However, thanks to an incident in this little town of Cygnat, I was beginning an entire year of emotional and physical growth. I was beginning my spiritual growth. It was an incident that I will never, ever forget:
My “new best friends” were off rehearsing on a Sunday morning and I was (as usual) absorbing my surroundings… everything that my senses could behold. Almost subconsciously I was aware of church music being sung way off in the distance. Like a lemming, I followed this music and came to the door of a church. The music was glorious and FAMILIAR. When the music ended and an equally glorious English voice began to speak, I, without thinking, quietly opened the door, entered the church and sat at the end of the last pew.
Immediately I began to weep. I stayed there, head bowed, weeping through the rest of the service. When I realized the congregation was filing out, I saw myself sitting there in pieces, wearing a ridiculous outfit, feeling uninvited and blubbering uncontrollably. Still I didn’t leave.
All of a sudden there was a presence beside me. Someone reached over and handed me the most pristine, white, “holy” cloth I had ever seen. Gratefully I took it and tried to “staunch the flow.”
The minister didn’t say a word. He simply stayed beside me. After a while, when I could, I began to talk. There we remained, with me pouring out my life story, letting all the fear and sorrow that I’d bottled for so long, come rushing out. He displayed the most amazing, silent compassion I had ever felt…just by allowing me to be.
Some time later, a “church lady” was brave enough to approach with medicinal coffee and cookies. Eventually my confessor and I joined the others. Nobody seemed the least bit surprised at the events of that morning.
Now, in sober (literally) retrospection, during that entire year, while I believed I was “flying on my own”… joyous, ageless, independent and living a life I had only enviously read about… I was actually running away from my WASP upbringing and the life into which I had been bred.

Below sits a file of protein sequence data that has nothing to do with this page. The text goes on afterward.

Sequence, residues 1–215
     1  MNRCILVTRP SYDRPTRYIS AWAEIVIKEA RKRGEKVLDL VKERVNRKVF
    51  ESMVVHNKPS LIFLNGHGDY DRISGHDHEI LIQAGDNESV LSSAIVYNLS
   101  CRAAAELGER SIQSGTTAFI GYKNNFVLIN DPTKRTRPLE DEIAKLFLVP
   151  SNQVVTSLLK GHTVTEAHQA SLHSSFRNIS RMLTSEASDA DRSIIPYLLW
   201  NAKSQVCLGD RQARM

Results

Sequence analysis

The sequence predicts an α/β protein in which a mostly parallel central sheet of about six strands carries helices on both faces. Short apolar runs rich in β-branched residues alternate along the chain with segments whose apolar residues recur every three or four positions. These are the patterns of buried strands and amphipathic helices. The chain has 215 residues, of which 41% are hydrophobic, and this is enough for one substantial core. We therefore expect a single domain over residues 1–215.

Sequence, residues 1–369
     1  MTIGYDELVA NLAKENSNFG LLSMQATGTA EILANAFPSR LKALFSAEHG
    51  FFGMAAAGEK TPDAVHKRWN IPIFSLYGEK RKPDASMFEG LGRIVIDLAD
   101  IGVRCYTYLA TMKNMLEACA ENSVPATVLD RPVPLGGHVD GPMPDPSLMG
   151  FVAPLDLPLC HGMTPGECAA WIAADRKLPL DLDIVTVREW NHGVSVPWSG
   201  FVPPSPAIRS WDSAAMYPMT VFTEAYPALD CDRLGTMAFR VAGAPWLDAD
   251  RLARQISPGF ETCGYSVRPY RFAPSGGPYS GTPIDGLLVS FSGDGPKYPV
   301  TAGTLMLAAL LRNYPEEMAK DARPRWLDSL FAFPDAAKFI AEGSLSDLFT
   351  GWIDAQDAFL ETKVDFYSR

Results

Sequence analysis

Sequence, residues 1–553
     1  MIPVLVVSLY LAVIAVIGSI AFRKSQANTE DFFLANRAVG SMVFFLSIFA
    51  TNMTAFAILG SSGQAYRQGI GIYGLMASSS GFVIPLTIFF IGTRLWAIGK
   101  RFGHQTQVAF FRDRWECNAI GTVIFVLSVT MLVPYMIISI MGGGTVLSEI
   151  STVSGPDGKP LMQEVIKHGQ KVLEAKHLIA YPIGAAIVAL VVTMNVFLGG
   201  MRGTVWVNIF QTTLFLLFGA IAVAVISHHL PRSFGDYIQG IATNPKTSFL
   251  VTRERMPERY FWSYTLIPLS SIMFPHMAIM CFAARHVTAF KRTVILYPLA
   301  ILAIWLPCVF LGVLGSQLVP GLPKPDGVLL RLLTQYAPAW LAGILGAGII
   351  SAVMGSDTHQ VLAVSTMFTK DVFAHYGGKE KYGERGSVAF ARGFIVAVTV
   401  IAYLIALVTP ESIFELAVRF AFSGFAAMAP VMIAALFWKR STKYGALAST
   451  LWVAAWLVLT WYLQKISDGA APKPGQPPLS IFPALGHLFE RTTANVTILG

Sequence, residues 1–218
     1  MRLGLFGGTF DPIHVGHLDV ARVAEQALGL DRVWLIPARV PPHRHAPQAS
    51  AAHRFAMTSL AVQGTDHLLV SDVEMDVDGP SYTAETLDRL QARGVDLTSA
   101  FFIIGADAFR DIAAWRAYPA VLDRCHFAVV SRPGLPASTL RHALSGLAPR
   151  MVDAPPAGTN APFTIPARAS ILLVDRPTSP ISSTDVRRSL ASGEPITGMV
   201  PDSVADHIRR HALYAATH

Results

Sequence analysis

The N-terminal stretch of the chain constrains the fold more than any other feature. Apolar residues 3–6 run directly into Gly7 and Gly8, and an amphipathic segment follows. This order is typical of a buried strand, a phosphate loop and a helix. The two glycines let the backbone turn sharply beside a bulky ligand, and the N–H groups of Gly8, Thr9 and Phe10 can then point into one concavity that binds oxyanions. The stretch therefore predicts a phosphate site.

It has taken years to realize the depth of my roots and how much I needed them for my spiritual growth. No matter how far I traveled or what I tried to become, there was always the two of us…God and me!”
Just when we think we are falling to pieces, it’s amazing to learn we are actually being put back together again.
Today, Susan doesn’t practice my spiritual belief system. She doesn’t read the Bible in the morning with her new husband of five years. She does not attend church. But in all the years I have known her, she has had numerous spiritual books in her possession – dog-eared, high-lighted, folded and scribbled upon. When we hit on a subject of great spiritual import, she rushes to a tome and immediately finds the supportive passage faster than the employee-of-the-month at the Library of Congress.
Neither of us are fully put together again, but we like who we are. Plus, these days when we feel that we may be falling apart, we know we just need to sit quietly for a while and let “Amy’s Friend”, as Susan calls Him, do the Work.